Shortstop Willy Adames easily won the No. 2 spot on the list. He was No. 1 last season, but I think he’s so close with Brent Honeywell that it’s not really a shocking decision. I think how the next couple votes goes will be interesting.
For the next two weeks, polls will be posted on Tuesdays and Fridays, not on the usual Monday, Wednesday, and Friday schedule. Enjoy the weekend.
2018 Community prospect list
|1||RHP Brent Honeywell||24||33||72.7%||2|
|2||SS Willy Adames||23||24||95.8%||1|
|3||1B/LHP Brendan McKay||16||34||47.1%||N/A|
|4||OF Jesus Sanchez||26||35||74.3%||9|
|5||1B/OF Jake Bauers||29||39||74.4%||4|
|6||OF Justin Williams||24||35||68.6%||17|
|7||IF Christian Arroyo||19||38||50.0%||N/A|
|8||OF Garrett Whitley||15||36||41.7%||15|
|9||LHP Anthony Banda||Special||election||N/A|
|10||RHP Jose De Leon||15||33||45.5%||3|
|11||OF Joshua Lowe||13||30||43.3%||7|
|12||SS Lucius Fox||16||36||44.4%||13|
|13||SS Wander Franco||13||35||37.1%||N/A|
|14||RHP Austin Franklin||17||33||51.5%||22|
|15||RHP Tobias Myers||11||32||34.4%||N/A|
|16||2B Nick Solak||Special||election||N/A|
|17||RHP Michael Mercado||7||27||25.9%||N/A|
|18||1B/OF Joe McCarthy||9||33||27.3%||25|
|19||2B Brandon Lowe||7||31||22.6%||N/R|
|20||RHP Chih-Wei Hu||8||28||28.6%||6|
|21||RHP Jaime Schultz||9||32||28.1%||12|
|22||C Ronaldo Hernandez||11||30||36.7%||N/R|
|23||RHP Diego Castillo||9||25||36.0%||50|
|24||RHP Yonny Chirinos||12||28||42.9%||41|
|25||2B Vidal Brujan||10||28||35.7%||N/R|
|26||RHP Ryne Stanek||8||25||32.0%||20|
|27||LHP Resly Linares||7||26||26.9%||47|
|28||LHP Genesis Cabrera||12||27||44.4%||23|
|29||3B Kevin Padlo||9||27||33.3%||14|
|30||LHP Ryan Yarbrough||13||29||44.8%||19|
|31||LHP Brock Burke||N/R|
|32||RHP Drew Strotman||N/A|
|33||SS Jermaine Palacios||N/A|
|34||C Brett Sullivan||26|
|35||C Nick Ciuffo||24|
|36||OF Ryan Boldt||38|
|37||IF Carlos Vargas||27|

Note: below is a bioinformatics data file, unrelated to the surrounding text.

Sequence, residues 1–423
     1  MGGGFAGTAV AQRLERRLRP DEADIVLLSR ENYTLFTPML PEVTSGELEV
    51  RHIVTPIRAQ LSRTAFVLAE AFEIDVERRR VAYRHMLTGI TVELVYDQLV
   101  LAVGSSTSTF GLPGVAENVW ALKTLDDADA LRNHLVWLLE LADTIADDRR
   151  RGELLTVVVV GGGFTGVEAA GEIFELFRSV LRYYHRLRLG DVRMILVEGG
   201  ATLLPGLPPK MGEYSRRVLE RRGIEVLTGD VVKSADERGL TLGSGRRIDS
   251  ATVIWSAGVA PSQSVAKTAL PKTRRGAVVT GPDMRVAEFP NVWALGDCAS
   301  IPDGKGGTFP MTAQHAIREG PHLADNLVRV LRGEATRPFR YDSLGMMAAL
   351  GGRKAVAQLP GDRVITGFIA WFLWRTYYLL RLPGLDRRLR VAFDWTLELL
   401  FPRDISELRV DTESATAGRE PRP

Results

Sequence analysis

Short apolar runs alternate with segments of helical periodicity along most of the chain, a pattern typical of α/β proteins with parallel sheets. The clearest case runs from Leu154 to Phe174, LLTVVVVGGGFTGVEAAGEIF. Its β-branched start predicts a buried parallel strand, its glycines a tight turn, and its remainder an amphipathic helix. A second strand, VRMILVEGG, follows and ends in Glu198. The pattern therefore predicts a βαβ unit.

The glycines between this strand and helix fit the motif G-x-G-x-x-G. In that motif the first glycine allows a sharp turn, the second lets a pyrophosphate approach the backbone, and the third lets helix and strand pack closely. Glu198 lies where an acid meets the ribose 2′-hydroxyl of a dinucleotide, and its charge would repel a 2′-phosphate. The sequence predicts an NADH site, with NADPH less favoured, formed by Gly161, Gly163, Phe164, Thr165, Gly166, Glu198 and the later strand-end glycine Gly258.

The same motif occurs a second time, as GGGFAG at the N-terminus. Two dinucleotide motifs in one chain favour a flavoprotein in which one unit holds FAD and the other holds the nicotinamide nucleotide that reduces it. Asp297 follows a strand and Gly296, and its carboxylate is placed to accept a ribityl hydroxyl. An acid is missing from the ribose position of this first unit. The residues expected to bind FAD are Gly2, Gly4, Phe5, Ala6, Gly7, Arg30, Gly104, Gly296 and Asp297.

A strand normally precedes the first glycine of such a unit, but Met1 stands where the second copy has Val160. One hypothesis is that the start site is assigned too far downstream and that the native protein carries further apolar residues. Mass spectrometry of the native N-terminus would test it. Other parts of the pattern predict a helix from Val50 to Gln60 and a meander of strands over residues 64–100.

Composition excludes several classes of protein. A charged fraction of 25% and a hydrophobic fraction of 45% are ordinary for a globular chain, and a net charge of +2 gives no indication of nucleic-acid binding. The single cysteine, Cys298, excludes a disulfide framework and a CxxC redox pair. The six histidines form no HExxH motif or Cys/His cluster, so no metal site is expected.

|38||3B Adrian Rondon||11|
|39||LHP Travis Ott||40|
|40||RHP Curtis Taylor||N/A|
IF Christian Arroyo (R/R, 6’1 180, 23 in 2018)
2017 statistics with San Francisco: 135 PA, .192/.244/.304, 8 XBH, 5.9 BB%, 30.5 K%
2017 statistics with Triple-A Sacramento: 102 PA, .396/.461/.604, 4 HR, 11 XBH, 5.9 BB%, 11.8 K%
The biggest problem for Arroyo in 2017 was likely not his struggles in his brief big league debut, but the hand injury that required surgery in November to address. He was hit in that hand twice during the season. Defensively, he should be able to handle second or third base, and he’ll need his hit tool to carry him. He’s not too selective, but he is a career .300 hitter in the minors. He has never hit more than nine home runs or stole more than seven bases in a season.
1B/OF Jake Bauers (L/L, 6’1 195, 22 in 2018)
2017 statistics with Triple-A Durham: 575 PA, .263/.368/.412, 31 2B, 13 HR, 20-of-23 SB, 13.6 BB%, 19.5 K%
Like Adames, Bauers’ 2017 season with Durham was very similar to his 2016 with Montgomery, although it is perhaps notable that his strikeout rate was a new career high. Despite that, his hit tool is still his best, and that’s what will get him to the majors. He’s able to wait for his pitch and make good contact. His 45 extra-base hits tied a career high, and he could have average power. After two seasons of experimentation in the outfield, he seems more and more like a regular first baseman.
1B/LHP Brendan McKay (L/L, 6’2 212, 22 in 2018)
2017 statistics with short-season Hudson Valley: 149 PA, .232/.349/.376, 4 HR, 14.1 BB%, 22.1 K% — 20 IP, 1.80 ERA, 0.75 WHIP, 6.8 BB%, 28.8 K%
The Rays chose McKay with the No. 4 pick in the 2017 draft, giving them the opportunity to develop a unique two-way talent. Maybe it’s not likely that he’s still pitching and hitting when he reaches the majors, but he’s talented in both roles. No one knows what will happen.
On the mound, his fastball leads a group of three above-average pitches that includes a breaking ball and changeup. He throws strikes and would move through the system quickly as a starter. At the plate, he makes good contact with above-average power potential.
OF Jesus Sanchez (L/R, 6’3 210, 20 in 2018)
2017 statistics with Class-A Bowling Green: 512 PA, .305/.348/.478, 15 HR, 48 XBH, 6.3 BB%, 17.8 K%
On a Bowling Green team filled with some of the organization’s best talent, particularly in the outfield, Sanchez stood out in all phases of the game. His .305 average was actually the lowest of his career so far. He has great hand-eye coordination and does not strike out often despite his fairly aggressive approach. He has above-average power potential, which is enough to profile in a corner outfield spot, where he’ll be a quality defender with solid athleticism and arm strength.
OF Garrett Whitley (R/R, 6’1 195, 21 in 2018)
2017 statistics with Class-A Bowling Green: 426 PA, .249.,362/.430, 13 HR, 35 XBH, 21-of-25 SB, 13.4 BB%, 28.6 K%
After his customary slow start to the season, Whitley showed off all of his tools with Bowling Green. The 2015 13th-overall pick is a great athlete with impressive power potential, hitting 10 of his 13 home runs over the season’s final two months. Although his walk rate is encouraging, his astronomical strikeout rate is going to have to come down at some point. While he spent most of 2017 in a corner outfield spot, he should have no problem playing center field.